LS Bolt On Challenge
One of our favorite competitions of LS Fest is the LS Swap Challenge. However, this year things have changed. Holley decided to change up the event in order to keep the participants sharp and threw us a curve ball this year. For 2017, two teams went head to head bolting on aftermarket parts to make the most power on an LS engine rather than swapping them into a vehicle as quickly as possible.
Both teams provided a vehicle that was then fit with a bone stock iron-block 6.0L before the event commenced. Team Big3Racing brought an S10 with them while their opponents chose a more unconventional vehicle—a Jeep Wrangler. With each vehicle up and running on the engines, they were then pulled into the tent and the timer was started.
Each team was given a plethora of Holley parts to choose from to build their engine as strong as possible, as well as some from other vendors. AFR provided a set of their 230cc or 250cc cathedral port heads and Brian Tooley Racing provided six different grinds of camshaft for each team to choose from. The selection of parts would likely be the deciding factor in overall power production, and thus the winner.
Each vehicle was baselined on the dyno before hand and the competition was decided on who could produced the largest percentage power gain when measure from 3,000 rpm to 6,500 rpm and averaged over three pulls. While the math was somewhat complicated, to put it simply the engine that had the largest increase in power, percentage wise, over three pulls was crowned the winner.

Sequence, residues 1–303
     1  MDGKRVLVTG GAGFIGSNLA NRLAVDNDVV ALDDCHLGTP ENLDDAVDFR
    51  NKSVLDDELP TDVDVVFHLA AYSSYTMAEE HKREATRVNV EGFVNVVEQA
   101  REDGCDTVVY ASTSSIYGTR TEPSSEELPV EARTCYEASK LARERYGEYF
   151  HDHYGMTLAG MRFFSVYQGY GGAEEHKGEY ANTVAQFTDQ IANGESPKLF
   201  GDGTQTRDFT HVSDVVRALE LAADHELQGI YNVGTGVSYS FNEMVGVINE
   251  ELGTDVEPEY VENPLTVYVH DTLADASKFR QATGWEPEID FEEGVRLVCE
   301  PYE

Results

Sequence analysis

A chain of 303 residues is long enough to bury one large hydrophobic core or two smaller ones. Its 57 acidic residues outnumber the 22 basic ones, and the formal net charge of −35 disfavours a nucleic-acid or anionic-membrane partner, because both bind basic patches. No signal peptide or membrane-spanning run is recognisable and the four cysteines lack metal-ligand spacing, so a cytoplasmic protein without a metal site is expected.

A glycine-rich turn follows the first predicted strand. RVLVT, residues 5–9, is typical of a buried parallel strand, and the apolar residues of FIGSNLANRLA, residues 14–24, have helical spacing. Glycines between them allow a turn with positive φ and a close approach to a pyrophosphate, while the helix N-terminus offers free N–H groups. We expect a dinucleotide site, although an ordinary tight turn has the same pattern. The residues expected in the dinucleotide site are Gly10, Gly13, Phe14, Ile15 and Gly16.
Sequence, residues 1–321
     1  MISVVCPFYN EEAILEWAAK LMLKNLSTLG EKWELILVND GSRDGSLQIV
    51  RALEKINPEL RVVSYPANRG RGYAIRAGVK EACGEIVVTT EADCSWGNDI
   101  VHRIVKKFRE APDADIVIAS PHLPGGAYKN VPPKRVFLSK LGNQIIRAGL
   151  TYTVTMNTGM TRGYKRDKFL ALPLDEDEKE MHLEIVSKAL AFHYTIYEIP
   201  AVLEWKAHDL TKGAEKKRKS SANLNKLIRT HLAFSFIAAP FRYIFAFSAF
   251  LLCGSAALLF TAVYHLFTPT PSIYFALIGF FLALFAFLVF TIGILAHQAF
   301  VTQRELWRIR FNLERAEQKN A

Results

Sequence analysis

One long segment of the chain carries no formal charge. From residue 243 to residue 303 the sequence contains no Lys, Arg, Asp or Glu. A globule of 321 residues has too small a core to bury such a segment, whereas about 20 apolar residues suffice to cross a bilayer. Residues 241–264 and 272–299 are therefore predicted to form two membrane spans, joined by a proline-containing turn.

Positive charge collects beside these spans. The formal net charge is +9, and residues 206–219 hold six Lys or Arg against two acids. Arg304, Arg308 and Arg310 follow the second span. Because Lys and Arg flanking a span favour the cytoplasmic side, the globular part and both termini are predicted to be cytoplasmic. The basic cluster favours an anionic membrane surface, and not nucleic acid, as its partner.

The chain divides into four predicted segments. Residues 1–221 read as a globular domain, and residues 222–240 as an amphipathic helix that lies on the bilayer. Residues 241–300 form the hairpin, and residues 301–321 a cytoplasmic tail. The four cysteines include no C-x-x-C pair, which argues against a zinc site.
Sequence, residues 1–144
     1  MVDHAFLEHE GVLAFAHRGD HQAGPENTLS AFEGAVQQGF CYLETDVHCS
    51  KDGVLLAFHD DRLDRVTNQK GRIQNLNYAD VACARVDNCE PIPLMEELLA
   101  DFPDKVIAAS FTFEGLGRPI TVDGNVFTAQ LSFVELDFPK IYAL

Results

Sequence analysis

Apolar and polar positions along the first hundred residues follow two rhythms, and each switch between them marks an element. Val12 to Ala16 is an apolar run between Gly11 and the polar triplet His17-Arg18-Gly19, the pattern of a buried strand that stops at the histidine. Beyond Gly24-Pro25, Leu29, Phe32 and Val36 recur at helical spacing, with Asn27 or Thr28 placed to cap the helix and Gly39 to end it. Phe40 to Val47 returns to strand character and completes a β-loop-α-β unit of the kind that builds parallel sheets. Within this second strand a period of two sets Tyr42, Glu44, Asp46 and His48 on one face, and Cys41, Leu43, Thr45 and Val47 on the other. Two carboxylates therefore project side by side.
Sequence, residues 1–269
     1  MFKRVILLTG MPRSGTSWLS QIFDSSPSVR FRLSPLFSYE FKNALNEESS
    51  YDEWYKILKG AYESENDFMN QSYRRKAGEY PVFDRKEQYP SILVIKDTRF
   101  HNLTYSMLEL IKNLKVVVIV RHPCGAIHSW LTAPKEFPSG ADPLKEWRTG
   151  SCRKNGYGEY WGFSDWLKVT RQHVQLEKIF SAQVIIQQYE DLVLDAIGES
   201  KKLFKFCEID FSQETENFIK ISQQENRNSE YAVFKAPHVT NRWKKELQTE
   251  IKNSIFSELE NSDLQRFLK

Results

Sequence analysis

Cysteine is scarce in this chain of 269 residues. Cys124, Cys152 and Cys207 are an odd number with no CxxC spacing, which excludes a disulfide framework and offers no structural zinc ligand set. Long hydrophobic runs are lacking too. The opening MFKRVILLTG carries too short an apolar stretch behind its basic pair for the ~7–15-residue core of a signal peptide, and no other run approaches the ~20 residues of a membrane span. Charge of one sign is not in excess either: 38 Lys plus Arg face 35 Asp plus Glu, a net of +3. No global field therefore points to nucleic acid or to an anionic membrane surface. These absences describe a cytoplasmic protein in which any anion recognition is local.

With the stage set, the teams got to work. While it paid to be fast, since it would give each team more time to tune their setup, each team had three hours to build their motor, tune it, and get it on the dyno—regardless of who finished first, the power production would be the deciding factor.
Right from the jump the Big3Racing team jumped out in front and never looked back. They had their engine striped down to basically a bare block with a rotating assembly in no time. They selected a moderate cam for their build and quickly stabbed it in the motor. After that, they moved their attention to the heads. From the get go, the team of three had an efficient way of preassembling parts before they were needed.
One of the only hiccups in their build was that the MSD Atomic Air Force intake wouldn’t clear their water pump and they had to actually grind down the pump and part of the intake to get it to fit the AFR heads securely. Apart from that one
set back, the build went together smoothly and was up and running in just two hours and 42 minutes.
Over on team Jeep, the trio took their time and slow and steady was their pace. The only wrinkle in their plan was the throttle cable bracket that gave them some trouble and the fact that they had no coupler to attach their cold air intake to the new 103mm throttle body. The decision was made to go with out one and the team made it onto the dyno in just under three hours.